Covid tests will be touch and go at varsities, but it’s a smart ...

News

Covid tests will be touch and go at varsities, but it’s a smart move

A smartphone screening app will be compulsory for all students if they want to get through the gates

Journalist
Mass daily screenings will be the new normal for students returning to universities across the country.
Steep challenge Mass daily screenings will be the new normal for students returning to universities across the country.
Image: Shelley Christians

University students who will begin their trickle back to lecture halls across the country will undergo daily Covid-19 screenings as part of an aggressive health campaign to stop the spread of the pathogen.

Higher education minister Blade Nzimande announced plans to reopen universities in phases aligned with the levels of the protracted national lockdown.

In broad stokes, level 3 would allow 33% of the student body return to class, level 2 would allow a recall of 66% of the campus, and at level 1 the full compliment of staff and students would flood back.

But to combat a resurgence of the virus and staff and students come together in growing numbers, everyone who passes through the gates of higher learning institutions will perform self-screening, using a smartphone app called Health Check.

In two minutes, the app, developed in conjunction with the national health department, will classify the user according to risk, according to their answers to questions about signs and symptoms of the virus.

The app then generates a QR code valid for that day, a de facto clearance certificate for the student or staff member that will allow access to campuses.

Dr Ramneek Ahluwalia, CEO of health and wellness development centre Higher Health, said screening data fed directly into the department’s tracking and tracing nerve centre.

“This screening needs to be done daily for every student and every staff member. If you have any device like a tablet or smartphone, you can do daily screening prior to leaving your home,” he said.

Knowing that smartphone access was not universal, mass-screening stations would also be erected at the entrance to the university.

“Daily screening is very critical, primarily because we need to detect this virus early, and use this data to map and manage Covid-19. If we can isolate people in the early phase of showing moderate to high risk of Covid-19, immediately we can reduce the spread of infections in our campuses and elsewhere,” he added.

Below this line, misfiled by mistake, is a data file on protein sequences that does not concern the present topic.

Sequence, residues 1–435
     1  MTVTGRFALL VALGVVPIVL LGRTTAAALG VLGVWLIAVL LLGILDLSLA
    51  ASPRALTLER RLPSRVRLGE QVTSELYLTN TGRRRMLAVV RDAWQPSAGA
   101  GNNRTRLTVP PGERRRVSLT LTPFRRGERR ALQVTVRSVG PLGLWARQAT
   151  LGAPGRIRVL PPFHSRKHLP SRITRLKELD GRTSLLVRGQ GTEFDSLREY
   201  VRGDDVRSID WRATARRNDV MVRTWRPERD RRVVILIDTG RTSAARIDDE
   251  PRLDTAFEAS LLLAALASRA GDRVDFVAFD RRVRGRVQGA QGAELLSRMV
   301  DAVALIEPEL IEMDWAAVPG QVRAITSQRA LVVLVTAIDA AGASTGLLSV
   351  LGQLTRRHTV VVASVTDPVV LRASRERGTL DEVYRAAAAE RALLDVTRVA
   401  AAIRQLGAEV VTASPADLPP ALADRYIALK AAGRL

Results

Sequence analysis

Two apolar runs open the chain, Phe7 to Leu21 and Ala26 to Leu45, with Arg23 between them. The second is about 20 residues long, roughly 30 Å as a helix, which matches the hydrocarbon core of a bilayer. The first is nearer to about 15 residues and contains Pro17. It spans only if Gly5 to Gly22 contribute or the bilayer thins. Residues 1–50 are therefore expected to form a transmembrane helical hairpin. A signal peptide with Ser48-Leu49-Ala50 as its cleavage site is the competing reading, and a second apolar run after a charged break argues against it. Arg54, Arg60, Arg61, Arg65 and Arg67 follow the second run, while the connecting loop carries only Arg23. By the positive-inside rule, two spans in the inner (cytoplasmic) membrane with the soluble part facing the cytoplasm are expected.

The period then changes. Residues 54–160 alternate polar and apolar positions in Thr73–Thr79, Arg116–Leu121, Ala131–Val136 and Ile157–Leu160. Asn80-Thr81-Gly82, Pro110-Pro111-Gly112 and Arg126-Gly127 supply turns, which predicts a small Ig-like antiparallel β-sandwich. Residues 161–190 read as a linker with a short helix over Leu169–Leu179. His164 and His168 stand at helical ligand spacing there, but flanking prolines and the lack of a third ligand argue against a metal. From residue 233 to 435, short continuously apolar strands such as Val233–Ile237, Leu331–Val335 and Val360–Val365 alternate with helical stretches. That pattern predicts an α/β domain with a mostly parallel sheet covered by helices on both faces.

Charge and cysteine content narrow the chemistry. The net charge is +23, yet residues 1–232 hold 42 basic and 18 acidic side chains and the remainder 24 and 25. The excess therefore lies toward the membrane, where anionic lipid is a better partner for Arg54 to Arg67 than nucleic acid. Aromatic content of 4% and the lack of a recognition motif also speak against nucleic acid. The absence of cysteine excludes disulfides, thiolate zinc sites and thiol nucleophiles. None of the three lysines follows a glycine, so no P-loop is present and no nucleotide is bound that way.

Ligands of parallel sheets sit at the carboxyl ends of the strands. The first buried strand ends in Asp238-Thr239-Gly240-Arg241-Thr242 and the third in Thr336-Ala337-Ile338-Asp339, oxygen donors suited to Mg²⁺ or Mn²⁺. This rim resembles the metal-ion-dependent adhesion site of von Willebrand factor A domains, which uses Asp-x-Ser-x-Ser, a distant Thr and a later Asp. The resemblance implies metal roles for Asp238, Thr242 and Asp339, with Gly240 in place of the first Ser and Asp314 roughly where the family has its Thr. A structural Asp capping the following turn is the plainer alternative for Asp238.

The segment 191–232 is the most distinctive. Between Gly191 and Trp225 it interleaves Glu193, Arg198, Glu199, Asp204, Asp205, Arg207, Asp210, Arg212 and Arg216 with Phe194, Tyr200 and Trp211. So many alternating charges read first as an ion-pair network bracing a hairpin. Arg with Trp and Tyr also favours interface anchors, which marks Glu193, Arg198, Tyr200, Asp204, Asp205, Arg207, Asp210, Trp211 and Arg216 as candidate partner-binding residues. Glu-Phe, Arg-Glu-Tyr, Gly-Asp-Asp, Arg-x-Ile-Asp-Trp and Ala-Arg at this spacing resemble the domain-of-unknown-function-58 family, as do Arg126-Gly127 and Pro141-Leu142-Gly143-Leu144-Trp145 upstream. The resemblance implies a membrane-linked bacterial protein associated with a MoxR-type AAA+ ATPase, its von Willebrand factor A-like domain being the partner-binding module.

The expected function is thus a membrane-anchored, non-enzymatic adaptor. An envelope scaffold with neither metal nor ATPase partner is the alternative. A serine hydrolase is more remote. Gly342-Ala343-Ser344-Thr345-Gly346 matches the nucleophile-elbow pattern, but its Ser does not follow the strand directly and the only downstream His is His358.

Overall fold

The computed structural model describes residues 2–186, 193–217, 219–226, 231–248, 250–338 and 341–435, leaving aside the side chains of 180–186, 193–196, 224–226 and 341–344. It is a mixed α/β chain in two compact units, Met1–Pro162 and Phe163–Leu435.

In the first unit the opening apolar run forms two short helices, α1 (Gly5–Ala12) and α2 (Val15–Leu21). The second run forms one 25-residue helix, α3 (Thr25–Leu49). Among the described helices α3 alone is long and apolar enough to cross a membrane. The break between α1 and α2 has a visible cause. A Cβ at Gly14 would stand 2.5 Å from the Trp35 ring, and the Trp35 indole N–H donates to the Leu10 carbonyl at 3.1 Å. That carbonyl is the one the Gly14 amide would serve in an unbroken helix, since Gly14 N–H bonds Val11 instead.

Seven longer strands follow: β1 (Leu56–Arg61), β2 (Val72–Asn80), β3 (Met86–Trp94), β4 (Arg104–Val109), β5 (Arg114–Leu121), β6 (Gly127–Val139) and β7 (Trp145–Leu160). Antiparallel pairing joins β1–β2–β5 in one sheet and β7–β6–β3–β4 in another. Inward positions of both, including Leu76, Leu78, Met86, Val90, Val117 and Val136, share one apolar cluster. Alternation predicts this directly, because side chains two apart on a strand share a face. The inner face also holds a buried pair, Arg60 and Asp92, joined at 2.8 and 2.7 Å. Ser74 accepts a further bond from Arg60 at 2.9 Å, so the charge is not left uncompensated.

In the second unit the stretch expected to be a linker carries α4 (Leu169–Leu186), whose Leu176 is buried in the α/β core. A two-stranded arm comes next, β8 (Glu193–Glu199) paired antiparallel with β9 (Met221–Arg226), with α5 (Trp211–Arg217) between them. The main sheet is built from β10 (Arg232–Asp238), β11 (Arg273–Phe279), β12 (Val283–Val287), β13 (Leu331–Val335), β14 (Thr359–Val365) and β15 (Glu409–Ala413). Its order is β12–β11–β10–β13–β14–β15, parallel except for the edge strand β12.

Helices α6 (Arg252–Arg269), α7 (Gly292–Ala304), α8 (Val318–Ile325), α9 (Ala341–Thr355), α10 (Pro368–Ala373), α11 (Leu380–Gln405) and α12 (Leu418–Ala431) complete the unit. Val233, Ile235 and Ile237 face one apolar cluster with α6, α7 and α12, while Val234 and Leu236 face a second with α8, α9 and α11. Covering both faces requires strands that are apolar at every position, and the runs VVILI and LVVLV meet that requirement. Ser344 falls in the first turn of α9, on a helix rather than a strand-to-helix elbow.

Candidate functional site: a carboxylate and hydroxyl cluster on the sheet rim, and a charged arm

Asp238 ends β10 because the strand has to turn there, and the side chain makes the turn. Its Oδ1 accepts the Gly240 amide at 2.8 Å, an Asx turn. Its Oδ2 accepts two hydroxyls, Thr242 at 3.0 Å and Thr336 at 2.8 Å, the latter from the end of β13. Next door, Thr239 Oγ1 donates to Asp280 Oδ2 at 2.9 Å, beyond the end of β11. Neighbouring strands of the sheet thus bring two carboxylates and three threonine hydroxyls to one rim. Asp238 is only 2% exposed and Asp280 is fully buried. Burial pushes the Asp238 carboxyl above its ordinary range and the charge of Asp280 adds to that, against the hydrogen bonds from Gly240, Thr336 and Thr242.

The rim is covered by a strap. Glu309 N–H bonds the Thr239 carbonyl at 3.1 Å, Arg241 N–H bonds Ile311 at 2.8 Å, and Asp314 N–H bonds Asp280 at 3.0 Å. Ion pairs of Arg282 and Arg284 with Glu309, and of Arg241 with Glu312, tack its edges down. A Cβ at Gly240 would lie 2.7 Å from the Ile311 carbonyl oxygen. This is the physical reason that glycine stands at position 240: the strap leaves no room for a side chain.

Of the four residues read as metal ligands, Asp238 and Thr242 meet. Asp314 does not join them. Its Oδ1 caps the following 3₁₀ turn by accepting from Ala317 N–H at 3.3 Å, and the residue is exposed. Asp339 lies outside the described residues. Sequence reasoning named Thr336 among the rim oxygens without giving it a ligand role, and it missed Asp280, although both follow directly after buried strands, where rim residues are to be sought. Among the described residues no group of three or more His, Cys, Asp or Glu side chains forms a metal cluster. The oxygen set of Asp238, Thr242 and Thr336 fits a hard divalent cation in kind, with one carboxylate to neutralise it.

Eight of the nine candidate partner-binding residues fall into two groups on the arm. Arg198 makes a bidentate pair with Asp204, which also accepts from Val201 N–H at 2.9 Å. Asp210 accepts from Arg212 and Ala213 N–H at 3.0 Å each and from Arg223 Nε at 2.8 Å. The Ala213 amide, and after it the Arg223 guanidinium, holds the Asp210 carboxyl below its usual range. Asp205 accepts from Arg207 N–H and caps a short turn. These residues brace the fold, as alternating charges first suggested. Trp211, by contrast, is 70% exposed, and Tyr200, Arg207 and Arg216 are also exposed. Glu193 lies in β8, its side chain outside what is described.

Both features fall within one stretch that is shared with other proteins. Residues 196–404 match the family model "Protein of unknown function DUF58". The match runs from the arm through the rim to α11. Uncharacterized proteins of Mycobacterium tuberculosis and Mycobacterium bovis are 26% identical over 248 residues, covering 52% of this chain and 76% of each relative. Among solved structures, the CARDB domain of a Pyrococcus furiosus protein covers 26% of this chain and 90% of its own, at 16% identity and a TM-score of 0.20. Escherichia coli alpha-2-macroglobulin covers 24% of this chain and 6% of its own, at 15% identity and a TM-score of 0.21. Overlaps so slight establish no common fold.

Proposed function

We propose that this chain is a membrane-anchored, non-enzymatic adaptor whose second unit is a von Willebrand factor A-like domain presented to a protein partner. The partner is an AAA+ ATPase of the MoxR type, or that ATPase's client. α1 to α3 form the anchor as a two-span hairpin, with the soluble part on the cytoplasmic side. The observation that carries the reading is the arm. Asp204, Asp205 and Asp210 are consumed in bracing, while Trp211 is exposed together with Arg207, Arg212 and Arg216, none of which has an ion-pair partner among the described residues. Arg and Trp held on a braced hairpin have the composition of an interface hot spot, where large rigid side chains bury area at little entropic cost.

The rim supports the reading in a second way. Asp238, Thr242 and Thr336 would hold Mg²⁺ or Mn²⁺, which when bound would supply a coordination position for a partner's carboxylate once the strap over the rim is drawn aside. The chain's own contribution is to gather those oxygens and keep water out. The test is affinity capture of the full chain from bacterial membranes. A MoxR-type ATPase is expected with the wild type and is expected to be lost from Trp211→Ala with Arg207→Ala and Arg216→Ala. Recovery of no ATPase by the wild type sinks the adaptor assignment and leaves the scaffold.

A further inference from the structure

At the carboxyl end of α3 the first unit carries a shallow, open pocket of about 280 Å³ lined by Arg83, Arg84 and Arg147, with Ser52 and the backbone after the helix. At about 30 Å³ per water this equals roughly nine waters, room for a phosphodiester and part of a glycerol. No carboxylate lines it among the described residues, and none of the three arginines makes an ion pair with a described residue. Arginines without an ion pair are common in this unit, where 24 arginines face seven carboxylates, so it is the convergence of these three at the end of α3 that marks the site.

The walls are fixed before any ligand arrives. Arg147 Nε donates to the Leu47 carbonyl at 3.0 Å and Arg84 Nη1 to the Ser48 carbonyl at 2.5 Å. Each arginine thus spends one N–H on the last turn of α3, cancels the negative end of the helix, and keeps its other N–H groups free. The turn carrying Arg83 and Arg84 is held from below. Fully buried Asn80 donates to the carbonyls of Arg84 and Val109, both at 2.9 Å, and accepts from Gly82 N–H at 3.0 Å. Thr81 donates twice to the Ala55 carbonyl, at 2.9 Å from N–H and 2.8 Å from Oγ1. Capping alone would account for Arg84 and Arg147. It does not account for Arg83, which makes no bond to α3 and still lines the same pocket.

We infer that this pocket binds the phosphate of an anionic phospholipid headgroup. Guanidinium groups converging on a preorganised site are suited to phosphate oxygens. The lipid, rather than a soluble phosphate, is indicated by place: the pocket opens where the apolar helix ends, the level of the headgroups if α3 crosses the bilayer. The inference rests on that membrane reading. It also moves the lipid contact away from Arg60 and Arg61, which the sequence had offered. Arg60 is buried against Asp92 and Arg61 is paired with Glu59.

The app, Ahluwalia said, would be made available to every university student, staff member or outside contractor who needed to return to campus.

“If you are moderate or high risk it will tell you whether or not you need to self-isolate and also what are the criteria for testing and seeking emergency care.

“That is a certificate you get every day that you can show that you can enter the campus at low risk,” he added.

Knowing that smartphone access was not universal, mass-screening stations would also be erected at the entrance to the university.

The app would then be used for the same screening processes, augmented by temperature checks for all who wished to enter.

“This is what we are moving toward. Where we have institutions, which are based in a town like Rhodes or UCT, we can use other action points like class-based screening, having roving screening teams for student and staff, and we are also putting in place a rigorous process of residence screening,” Ahluwalia added.

“Students will be coming into our accommodation and residence-based screening is another protocol which will be critical.”

At the same media briefing Nzimande called on people to respect the lockdown because it saved lives.

“We know that the lockdown is not nice and it’s not designed to punish people, but rather to save lives,” he said.

“The sector is committed to resume academic activities in line with the national risk-adjusted strategy. This includes putting remote learning systems in place as well as planning the gradual return to various campuses during various phases of the risk-adjusted strategy.”

Previous Article